It Takes a Village: The Rise of Crowd-Powered IT Services
When was the last time you went to your favorite office superstore to buy a
piece of packaged software?
Software as a Service (SaaS) and cloud storage have completely changed the
consumer computing market. Other than Microsoft Office and a few
resource-intensive applications for photo and video editing, everything else
is either running in the cloud, delivered and managed from the cloud, or
storing data in the cloud.
Business Computing Is Next
The same trend is coming to enterprise IT. While many organizations have
moved their packaged software to IaaS providers like AWS and Azure, many more
will simply adopt pure SaaS offerings. These new services align with user and
organizational demands, and their pay-as-you-go pricing model fits current
business budgeting and purchasing needs. They also get IT departments... (more)
A few weeks ago I was trying to update some files I have stored on a cloud
storage service (that will remain nameless). I had moved my files there a
while back as a way to make it easier to access them from my various devices
and to avoid losing them during the next inevitable hard drive failure. For
the most part I've been happy with the service, but on this day, I was unable
to access the site.
Not good, as I was rushing to make some changes and send the files to a
Frustrated by my situation, I asked a co-worker to see if he was also having
problems. He was, so we ... (more)
As the significant benefits of SaaS and hybrid cloud services become more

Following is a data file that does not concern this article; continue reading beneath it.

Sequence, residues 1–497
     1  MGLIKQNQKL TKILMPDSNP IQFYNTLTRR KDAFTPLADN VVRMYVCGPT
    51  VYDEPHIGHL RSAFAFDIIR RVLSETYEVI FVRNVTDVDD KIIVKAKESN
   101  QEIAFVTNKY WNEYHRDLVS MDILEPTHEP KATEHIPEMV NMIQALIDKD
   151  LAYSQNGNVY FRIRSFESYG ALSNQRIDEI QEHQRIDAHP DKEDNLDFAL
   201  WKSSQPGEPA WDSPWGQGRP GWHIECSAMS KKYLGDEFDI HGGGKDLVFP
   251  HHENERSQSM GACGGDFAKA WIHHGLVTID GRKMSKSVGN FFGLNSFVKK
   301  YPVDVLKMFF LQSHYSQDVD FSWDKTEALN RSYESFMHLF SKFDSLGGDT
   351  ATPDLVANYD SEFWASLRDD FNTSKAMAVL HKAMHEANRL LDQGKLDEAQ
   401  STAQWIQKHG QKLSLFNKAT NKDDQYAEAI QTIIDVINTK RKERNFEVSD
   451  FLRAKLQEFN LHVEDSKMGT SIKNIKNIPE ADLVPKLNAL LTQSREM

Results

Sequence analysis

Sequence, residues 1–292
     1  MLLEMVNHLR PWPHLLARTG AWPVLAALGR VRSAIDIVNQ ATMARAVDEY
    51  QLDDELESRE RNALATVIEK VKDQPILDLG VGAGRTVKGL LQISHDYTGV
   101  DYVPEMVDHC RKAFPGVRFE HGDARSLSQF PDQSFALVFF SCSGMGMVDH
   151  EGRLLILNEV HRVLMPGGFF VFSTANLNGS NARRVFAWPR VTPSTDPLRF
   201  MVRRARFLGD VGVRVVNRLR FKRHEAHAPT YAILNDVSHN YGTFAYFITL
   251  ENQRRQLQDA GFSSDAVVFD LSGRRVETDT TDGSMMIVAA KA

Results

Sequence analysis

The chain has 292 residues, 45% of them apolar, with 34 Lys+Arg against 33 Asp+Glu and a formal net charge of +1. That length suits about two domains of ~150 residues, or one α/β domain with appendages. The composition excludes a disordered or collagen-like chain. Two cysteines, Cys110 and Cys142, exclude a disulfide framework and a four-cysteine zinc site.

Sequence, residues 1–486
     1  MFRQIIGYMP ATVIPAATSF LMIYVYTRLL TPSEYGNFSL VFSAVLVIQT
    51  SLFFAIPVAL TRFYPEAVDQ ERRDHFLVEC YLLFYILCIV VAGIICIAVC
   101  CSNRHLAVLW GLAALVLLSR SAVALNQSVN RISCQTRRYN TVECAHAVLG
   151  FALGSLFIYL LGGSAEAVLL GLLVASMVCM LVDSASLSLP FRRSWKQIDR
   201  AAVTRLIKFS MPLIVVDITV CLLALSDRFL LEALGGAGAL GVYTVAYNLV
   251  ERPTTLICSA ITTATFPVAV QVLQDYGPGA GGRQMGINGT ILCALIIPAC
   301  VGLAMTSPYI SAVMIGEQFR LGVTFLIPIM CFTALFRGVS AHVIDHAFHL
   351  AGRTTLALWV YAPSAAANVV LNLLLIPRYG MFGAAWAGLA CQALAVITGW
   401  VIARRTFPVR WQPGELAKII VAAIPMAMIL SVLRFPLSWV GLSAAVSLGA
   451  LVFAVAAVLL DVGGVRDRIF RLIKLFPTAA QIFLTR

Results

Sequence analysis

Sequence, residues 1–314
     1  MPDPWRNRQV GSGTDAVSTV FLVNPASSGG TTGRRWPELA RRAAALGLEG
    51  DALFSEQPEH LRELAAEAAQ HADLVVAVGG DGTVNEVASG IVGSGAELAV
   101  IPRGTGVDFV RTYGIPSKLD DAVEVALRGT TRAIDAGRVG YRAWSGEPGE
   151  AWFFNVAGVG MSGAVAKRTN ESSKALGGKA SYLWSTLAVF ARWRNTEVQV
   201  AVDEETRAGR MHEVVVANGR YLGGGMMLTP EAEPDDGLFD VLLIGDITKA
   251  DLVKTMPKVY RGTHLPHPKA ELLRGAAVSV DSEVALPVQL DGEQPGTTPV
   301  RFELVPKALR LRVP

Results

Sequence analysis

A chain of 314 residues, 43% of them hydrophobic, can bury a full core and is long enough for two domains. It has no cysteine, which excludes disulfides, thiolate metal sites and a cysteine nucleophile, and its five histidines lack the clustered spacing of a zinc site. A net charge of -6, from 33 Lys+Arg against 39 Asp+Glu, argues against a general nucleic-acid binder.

evident, it's no surprise that organizations are moving more mission-critical
applications - e.g., email, VoIP, online meetings, document
storage/collaboration, etc., - to the cloud. This is different than CRM apps,
which have been in the cloud for many years. If Salesforce.com is
unavailable, the sales team is certainly impacted, but if email, IP, and/or
VoIP communications are unavailable, the entire organization takes a
Moving your mission-critical apps to the cloud doesn't absolve IT ... (more)
There's been plenty written and predicted about the future of cloud and
Software-as-a-Service, and it's hard to argue with its benefits - for both
organizations and users. If our cloud-based future is to come true though, we
must pay closer attention to the service levels users are getting from
Software-as-a-Service (SaaS) applications.
Obvious? Maybe not.
As many organizations make their first big move to the cloud with services
like Office 365, a few common misconceptions - grounded in the general belief
that once we move to the cloud, IT no longer owns direct responsibility fo... (more)
While on-premise deployments are still the default for many enterprise
applications today, most everyone agrees that SaaS and Cloud are the future.
The question from the CXO is no longer, "Should we consider putting this
application in the cloud?" It is, "Why wouldn't we deploy this in the cloud?"
As this new thinking takes full effect, I see three big changes for IT
A Shift from Owner/Operator to Consumer Coordinator
Instead of acquiring and operating on-site infrastructure and applications
for the enterprise, IT professionals will be expected to coordinate busines... (more)